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To sustain product value and market presence, business executives develop strategic market decisions using different financial models (Chang & Weng, 2012). Using Tata simulation, Quasar’s executives can develop a successful marketing strategy. The simulation game provided real experiments in various market structures. Thus, the simulation game will improve a firm’s market decision.
The interactive simulation game provides business insight in a market environment (Chang & Weng, 2012). As a result, business investors can understand market trends in a monopolistic, oligopolistic, and perfect market structures (Dibb, 2002). The simulation game influences product demand and increases profit. As a result, Quasar can improve its competitive advantage using simulation games.
We will consider various market structures to understand the importance of the simulation exercise. The features of monopoly market include homogenous products, market dominance, and price regime. As a result, the features of monopoly market influence product demand. Let us consider the price regime of $2500 to increase market profit to $1.29 billion.
Thus, at the point of intersection, the marginal cost of the product equals the revenue. If the company’s investors want to maximize profits through expansion, advertisement budgets must be approved (Jedidi, Mela, & Gupta, 1999). As a result, annual budget for advertisements will increase by 200%. By calculation, 7.7 million units of the products will generate the anticipated revenue.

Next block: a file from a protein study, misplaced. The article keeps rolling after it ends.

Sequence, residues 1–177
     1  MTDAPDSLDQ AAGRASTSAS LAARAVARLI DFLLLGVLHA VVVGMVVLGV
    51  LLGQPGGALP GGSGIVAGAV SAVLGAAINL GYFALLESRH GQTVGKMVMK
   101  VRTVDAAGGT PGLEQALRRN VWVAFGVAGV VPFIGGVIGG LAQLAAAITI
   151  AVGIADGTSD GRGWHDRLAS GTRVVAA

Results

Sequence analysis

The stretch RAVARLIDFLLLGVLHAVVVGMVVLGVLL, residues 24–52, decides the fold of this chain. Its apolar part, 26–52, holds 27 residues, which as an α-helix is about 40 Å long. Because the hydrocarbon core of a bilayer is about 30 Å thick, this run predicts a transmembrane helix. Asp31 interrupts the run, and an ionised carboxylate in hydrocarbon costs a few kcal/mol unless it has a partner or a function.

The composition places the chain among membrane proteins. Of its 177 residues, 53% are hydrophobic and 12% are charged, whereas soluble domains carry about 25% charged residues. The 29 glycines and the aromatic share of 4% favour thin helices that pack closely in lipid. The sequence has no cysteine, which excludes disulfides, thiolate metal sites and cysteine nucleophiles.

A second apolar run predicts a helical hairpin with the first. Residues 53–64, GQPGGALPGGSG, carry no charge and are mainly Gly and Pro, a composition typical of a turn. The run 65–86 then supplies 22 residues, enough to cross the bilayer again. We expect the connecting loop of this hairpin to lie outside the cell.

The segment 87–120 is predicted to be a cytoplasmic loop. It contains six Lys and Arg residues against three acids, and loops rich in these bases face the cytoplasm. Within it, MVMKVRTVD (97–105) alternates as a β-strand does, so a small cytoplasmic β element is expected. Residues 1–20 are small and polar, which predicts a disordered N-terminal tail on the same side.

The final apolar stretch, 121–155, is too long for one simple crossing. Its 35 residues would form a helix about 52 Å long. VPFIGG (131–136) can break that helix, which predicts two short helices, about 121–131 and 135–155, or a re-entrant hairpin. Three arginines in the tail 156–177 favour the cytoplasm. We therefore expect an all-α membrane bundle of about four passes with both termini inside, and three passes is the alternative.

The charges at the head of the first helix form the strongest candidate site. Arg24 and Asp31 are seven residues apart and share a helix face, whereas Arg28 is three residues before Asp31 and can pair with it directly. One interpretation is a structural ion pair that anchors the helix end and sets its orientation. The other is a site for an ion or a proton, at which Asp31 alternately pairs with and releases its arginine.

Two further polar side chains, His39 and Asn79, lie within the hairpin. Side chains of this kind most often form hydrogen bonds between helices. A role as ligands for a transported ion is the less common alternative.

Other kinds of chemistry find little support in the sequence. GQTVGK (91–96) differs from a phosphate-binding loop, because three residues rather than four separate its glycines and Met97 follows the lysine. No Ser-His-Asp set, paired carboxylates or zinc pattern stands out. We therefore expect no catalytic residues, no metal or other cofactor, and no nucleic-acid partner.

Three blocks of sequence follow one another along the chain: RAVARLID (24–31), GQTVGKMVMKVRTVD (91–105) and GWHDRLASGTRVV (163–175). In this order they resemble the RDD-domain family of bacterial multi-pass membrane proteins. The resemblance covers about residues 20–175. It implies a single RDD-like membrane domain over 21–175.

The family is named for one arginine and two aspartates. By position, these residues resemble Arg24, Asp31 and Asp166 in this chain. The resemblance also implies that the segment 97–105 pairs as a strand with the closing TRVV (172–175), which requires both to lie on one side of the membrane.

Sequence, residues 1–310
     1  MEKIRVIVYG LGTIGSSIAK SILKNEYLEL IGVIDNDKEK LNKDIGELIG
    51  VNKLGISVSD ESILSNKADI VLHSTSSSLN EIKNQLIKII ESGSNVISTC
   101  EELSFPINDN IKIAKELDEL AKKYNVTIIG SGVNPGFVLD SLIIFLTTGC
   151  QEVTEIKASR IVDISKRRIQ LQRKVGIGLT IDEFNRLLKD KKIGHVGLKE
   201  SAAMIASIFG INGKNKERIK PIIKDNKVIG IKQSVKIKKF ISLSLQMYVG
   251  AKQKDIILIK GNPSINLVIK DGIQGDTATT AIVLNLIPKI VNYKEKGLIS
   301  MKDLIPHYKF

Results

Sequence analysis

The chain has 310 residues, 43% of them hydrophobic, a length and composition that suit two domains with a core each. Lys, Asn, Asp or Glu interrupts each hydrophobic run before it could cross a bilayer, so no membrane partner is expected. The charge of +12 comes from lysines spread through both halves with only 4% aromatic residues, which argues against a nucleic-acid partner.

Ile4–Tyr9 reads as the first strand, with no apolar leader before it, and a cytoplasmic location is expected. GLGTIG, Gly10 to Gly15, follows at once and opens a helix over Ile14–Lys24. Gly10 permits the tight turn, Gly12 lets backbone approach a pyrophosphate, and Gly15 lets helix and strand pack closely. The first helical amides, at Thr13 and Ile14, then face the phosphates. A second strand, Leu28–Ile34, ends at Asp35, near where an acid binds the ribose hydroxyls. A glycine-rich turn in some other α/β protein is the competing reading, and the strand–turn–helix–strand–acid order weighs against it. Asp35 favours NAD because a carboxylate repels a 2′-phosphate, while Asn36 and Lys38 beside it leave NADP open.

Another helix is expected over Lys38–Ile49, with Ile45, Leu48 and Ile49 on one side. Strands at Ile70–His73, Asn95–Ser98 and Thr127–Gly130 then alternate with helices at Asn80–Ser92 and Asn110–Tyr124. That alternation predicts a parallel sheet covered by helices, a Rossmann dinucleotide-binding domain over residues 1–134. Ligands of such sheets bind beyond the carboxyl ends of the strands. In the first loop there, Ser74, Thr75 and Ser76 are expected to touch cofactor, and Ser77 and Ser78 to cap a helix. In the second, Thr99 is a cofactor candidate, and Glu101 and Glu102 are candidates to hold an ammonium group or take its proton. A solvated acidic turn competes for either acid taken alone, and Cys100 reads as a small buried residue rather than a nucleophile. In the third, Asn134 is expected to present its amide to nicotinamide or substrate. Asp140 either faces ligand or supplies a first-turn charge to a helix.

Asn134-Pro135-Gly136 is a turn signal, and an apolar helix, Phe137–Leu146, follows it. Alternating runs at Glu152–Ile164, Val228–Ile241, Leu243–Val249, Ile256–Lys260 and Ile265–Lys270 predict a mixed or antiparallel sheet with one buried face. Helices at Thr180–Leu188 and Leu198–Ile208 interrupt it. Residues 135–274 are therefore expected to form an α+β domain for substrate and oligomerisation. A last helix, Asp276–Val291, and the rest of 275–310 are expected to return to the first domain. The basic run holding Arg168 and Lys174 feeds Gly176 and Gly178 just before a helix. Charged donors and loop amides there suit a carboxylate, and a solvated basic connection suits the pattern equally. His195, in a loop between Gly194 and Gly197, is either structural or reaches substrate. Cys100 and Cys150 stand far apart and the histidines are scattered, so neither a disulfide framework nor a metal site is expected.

The increase in the cost of advertisements will influence product demand. In the second scenario, we discussed the effects of the production process on demand. Thus, an efficient production process will increase the daily production rate. As a result, we will increase profit if we produce 9.4 million units at $2200 (Rothaermel, 2012).
The simulation game revealed that advertising is an effective marketing strategy. Thus, marketing trends determine the change in strategy and production. From the above scenario, we can deduce that advertisements create product awareness better than other marketing factors. Thus, product dynamics can be improved through advertisements (Porter, 2012, 2013).
However, the firm’s production process can be upgraded in two ways. First, we could increase production inputs such as equipment and raw materials. For example, upgrading production plant from manual to digital would improve the production capacity of the organization.
Thus, more products will be produced to generate profit. Second, we could upgrade employee’s efficiency to reduce waste (Chang & Weng, 2012). Thus, employee training will increase the efficiency of the production department.
We will analyze the importance of the simulation exercise in the oligopoly market structure. The market structure faces similar products and competitive price regime. As a result, must protect its stock value to increase demand. Thus, lowering the price of a substitute product, the company will pull more customers to increase profits. Product differentiation can be achieved through cost leadership.
Thus, cost leadership is a factor that causes barriers for new entrants. Previous studies revealed that customer’s value influenced the demand for a particular product. Thus, we can alter the demand for a particular product using similar market principle. For example, customer feedback can be used to access the quality of the product or service. However, a decline in customer relation will affect the firm’s competitive advantage.